Thanks to the Second Amendment of the U.S. Constitution, citizens across all states have the right to bear firearms. While this is the case, there are rules and laws in each state that ought to be obeyed. Gun laws and gun offenses in specific remain subject to considerable scrutiny, not to mention that they attract great contention in light of the rising cases of gun-related crimes across the country. If you are accused of any gun offense and need the expertise of an Orange County Criminal lawyer, we will give you the best chances of enjoying a favorable outcome.

California's gun laws are arguably the most complicated. The outcome of just about any criminal charge is highly at the mercy of the competence of your defense team. Bear in mind that variables like the kind of weapon used, how it was acquired, whether it is registered, its magazine capacity, and even how it was discovered may play a leading role in dictating a case's outcome.

Buying and Possessing a Firearm in California

Before learning about the list of weapons prohibited in California, it is crucial first to know who is eligible to buy and possess a gun. Some of the weapons permitted in the state include long guns (rifles) and handguns (pistols). However, the California laws deem it illegal to possess semi-automatic firearms, 50 BMG caliber rifles, short-barreled rifles and shotguns, and any gun with a high-capacity magazine.

For any firearm to be deemed legal, it needs to be bought from a licensed California firearms dealer. You can only make a legal purchase if you are a verified resident of the state. You are also prohibited from purchasing a firearm in the state if:

  • You have a lifetime ban for a convicted felony or misdemeanor
  • You are yet to complete your 10-year ban for a criminal conviction like assault
  • You have a lifetime or 5-year ban under the state's Welfare and Institutions Code for being a danger to yourself or others
  • You are convicted as a minor in adult criminal parlance (you may be banned from possessing a firearm until you hit 30 years)
  • You are temporarily prohibited from possessing firearms because of an addiction, restraining order, etc.

Moreover, even a Californian resident needs a Firearm Safety Certificate before purchasing a gun. This certificate is offered after passing a gun safety training test. You should also be at least 18 years to buy a long gun or 21 years to buy a handgun.

Licensed dealers impose a 10-day waiting period between the purchase of a gun and its release. This allows them to verify the buyer's eligibility and confirm they are not persons prohibited from carrying under California laws.

In case you move into the state with a legally owned gun, California laws allow you to make personal importation of any firearm that can be legally possessed in the state. You will then need to declare the imported firearms with the California Department of Justice. The deadline for doing this is 60 days from the time you become a resident. New residents in possession of guns prohibited by California laws should surrender them to the relevant authorities.

Unlawful possession of a firearm in Orange County and California at large is a serious crime that may attract long-standing penalties. When charged with a gun offense, the last thing you should do is attempt to defend yourself against the charges without enlisting a lawyer. California gun laws are complex, and fighting even a minor weapon charge requires you to have a skilled and proficient weapons crime defense attorney.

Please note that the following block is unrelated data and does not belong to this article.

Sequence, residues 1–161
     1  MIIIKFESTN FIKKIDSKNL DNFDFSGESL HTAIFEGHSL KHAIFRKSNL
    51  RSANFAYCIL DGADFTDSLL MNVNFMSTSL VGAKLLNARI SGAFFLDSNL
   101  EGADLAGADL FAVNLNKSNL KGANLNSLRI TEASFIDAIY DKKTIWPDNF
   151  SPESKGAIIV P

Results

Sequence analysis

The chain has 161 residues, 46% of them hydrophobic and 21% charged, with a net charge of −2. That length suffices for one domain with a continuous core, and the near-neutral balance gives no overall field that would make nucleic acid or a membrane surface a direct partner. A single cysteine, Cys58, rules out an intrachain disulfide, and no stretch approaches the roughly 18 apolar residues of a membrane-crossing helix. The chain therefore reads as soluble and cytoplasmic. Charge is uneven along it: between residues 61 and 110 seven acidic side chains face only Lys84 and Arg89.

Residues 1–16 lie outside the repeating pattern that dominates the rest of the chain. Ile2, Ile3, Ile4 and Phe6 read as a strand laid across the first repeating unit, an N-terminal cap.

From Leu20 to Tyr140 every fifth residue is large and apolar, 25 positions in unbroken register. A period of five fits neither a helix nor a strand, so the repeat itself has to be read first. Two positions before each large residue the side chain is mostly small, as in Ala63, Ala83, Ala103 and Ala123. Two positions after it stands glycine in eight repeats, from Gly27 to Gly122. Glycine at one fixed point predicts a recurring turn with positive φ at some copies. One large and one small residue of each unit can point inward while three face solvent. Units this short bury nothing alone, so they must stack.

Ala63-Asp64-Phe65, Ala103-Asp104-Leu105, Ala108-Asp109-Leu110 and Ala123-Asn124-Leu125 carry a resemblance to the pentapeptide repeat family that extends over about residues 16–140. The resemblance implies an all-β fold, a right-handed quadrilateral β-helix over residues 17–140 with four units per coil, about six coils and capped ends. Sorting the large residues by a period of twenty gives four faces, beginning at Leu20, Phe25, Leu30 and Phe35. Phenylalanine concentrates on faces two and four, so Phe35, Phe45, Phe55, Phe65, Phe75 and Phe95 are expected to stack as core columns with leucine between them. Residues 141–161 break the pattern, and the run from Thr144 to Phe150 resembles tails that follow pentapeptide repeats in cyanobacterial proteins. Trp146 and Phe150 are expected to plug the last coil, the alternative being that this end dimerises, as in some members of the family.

California Penal Code 16590 (Generally Prohibited Weapons)

California Penal Code section 16590 lists down generally prohibited weapons that are considered illegal in different Penal Code sections. Here is the amassed listing of generally prohibited weapons under various sections:

Ammunition and Explosives

  • Concealed explosives that may not fall under fixed ammunition ( 19100 P.C.)
  • Flechette darts or ammo made from flechette darts (30210 P.C.)
  • Explosive bullets or ammo that contains explosive agents ( 30210 P.C.)
  • Metal hand grenades used for military practice or their replicas (19200 P.C.)

Knives and Edged Weapons

  • Concealed daggers or dirks ( 21310 C.)
  • Air gauge knives (20130 C.)
  • Cane swords (20510 C.)
  • Ballistic knives (21110 C.)
  • Writing pen knives (20910 C.)
  • Lipstick case knives (20610 C.)
  • Belt buckle knives (20410 C.)
  • Knives concealed within crutch, cane, or any other device that are designed to pop up after certain mechanical operations such as wrist movement (20710 C.)
  • Throwing stars (Shuriken) (22410 C.)

Unconventional Firearms and Modified Firearms

  • Short-barreled shotguns or rifles (33215 P.C.)
  • Camouflaging firearm containers (24310 P.C.)
  • Unconventional pistols (31500 P.C.)
  • Cane guns (24410 P.C.)
  • Undetectable firearms (24610 P.C.)
  • Firearms that don't look like typical firearms (24510 P.C.)
  • Wallet guns (24710 P.C.)
  • Multi-burst trigger activators (32900 P.C.)
  • Zip guns (33600 P.C.)
  • Large-capacity magazines (32310 P.C.)

Melee Weapons

  • Blackjacks, leaded canes, slungshots, sandclubs, sandbags, billy clubs, and saps (22210 P.C.)
  • Nunchakus (popularly known as nunchucks) (22010 P.C.)
  • Brass or metal knuckles (21810 P.C.)

This list contains weapons that are easily concealed and may allow wrongdoers to carry out silent attacks effectively. Prohibiting these weapons helps protect California's citizens from exposure to weapons typically used for criminal or unlawful purposes.

Places Where Carrying a Firearm is Prohibited in Orange County California

Legally acquiring a gun in California is good. It is equally vital to understand other laws that deem it illegal to carry your firearm to certain locations. Without proper authorization, you can be charged for bringing a firearm to:

  • A campus of any private or public school, college, or university
  • Any public facility such as the legislative offices or courthouses
  • The residence of any constitutional officer or Member of the California State Assembly or Senate

Other gun possession violations typically considered as unlawful acts include:

  • Changing or messing with the identification marks on your firearm
  • Drawing or displaying your firearm in a threatening or rude manner (unless if your life is in threat)